Meanwhile women are still battling old prejudices in the workplace and unbelievably some of these are routed in our appearance. Despite the relative business emancipation that women enjoy, it is still legal in the UK for a company to require female members of staff to wear high heels at work against their will. A recent petition has led to a parliamentary debate about dress code to change the laws so that women have the option to wear flat formal shoes at work, if they wish.

Despite the Thatcherite era spawning the term “men in skirts” and the high heels debacle other such derogatory delights are mercifully behind us. As my particular world of comedy proves, we are far from being substitute men – we are women with our own clear sensibilities and, most of all, a brilliant sense of humour.

Women, Humour and Power

To see how far we have come, in 2014 Funny Women commissioned a media review in partnership with the University of East London’s Centre of Excellence for Women Entrepreneurship and published a report ‘Women, Humour and Power…in the Workplace’. Existing research and media coverage was mined for anecdotal evidence gathered from 50 academic papers and over 3,000 media articles spanning 40 years.

The review examined how we regard humour generally, observing that “if used positively and judiciously, humour can help to sustain healthy social systems in the workplace by improving communication, reducing stress, enhancing leadership and promoting organisational culture.”

We also looked at the differences in how men and women use humour: “humour is an intrinsically powerful act and joke-telling is an exceptionally aggressive form of humour which may go some way to explain why men tell more jokes than women in conversation.” (Baxter 2011)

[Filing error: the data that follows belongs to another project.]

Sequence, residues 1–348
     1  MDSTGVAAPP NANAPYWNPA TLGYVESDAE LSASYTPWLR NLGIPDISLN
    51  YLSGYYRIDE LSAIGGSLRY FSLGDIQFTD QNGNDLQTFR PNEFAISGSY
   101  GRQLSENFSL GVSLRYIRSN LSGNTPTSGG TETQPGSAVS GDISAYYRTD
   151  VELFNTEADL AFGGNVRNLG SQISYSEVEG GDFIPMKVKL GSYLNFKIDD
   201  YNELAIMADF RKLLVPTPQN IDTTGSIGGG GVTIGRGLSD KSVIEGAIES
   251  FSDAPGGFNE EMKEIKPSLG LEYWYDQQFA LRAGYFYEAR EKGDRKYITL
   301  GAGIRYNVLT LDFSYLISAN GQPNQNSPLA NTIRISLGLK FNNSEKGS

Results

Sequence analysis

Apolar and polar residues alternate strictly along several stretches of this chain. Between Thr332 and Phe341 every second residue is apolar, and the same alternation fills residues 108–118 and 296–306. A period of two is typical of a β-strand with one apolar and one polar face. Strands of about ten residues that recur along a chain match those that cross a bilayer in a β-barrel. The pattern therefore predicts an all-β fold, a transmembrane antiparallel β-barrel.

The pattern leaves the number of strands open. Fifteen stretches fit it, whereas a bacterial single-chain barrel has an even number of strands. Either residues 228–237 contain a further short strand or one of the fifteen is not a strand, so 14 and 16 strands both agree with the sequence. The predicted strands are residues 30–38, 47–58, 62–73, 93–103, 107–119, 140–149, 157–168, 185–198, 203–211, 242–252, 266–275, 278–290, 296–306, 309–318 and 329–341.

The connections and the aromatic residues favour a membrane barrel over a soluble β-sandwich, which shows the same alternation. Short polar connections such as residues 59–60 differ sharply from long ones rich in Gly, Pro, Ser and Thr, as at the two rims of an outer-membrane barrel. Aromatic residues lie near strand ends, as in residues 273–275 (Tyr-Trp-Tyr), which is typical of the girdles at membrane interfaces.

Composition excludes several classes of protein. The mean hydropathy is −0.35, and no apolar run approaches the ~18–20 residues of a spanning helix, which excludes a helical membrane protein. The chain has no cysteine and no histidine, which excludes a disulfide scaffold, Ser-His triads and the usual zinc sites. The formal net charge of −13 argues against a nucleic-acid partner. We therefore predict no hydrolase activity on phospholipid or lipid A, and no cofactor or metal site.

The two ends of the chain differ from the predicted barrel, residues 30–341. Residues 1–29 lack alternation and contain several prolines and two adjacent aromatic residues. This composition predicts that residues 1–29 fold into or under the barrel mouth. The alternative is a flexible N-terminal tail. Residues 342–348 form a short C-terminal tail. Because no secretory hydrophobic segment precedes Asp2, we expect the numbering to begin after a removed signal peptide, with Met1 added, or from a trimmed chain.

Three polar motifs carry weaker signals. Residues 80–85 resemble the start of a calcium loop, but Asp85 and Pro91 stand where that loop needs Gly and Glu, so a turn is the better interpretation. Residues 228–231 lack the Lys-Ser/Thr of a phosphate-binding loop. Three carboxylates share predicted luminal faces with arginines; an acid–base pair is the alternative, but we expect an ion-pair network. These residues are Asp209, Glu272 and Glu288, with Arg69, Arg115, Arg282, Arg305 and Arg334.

The power of humour should not be underestimated, whether used to diffuse a potential conflict, to build relationships or to get ahead at work. The male dominated tide is turning: I have seen a growing willingness for women to experiment with humour in their business and personal lives, just as they are on the comedy circuit.

Now that more and more funny women are appearing on panel shows alongside their male contemporaries it is a short hop to the boardroom table where the addition of a woman – or two, or more – can make the workplace a more diverse and happier place. We may still have to go the extra mile and generate a few laughs along the way to achieve this so here are a few tips to get you started:

  • Don’t laugh at the office clown’s jokes. They usually don’t deserve it.
  • Do share a laugh with female colleagues about how rubbish the male office clown’s jokes are – preferably in the ladies loo where he can’t hear you.
  • Do an unofficial comedy poll amongst your colleagues. Discovering if their TV tastes are more Miranda than Modern Family will help you to get the measure of their sense of humour.
  • Women are often accused of shying away from conflict but a bit of humour can be a brilliant way to stop an argument in its tracks and to make your point.

Lynn Parker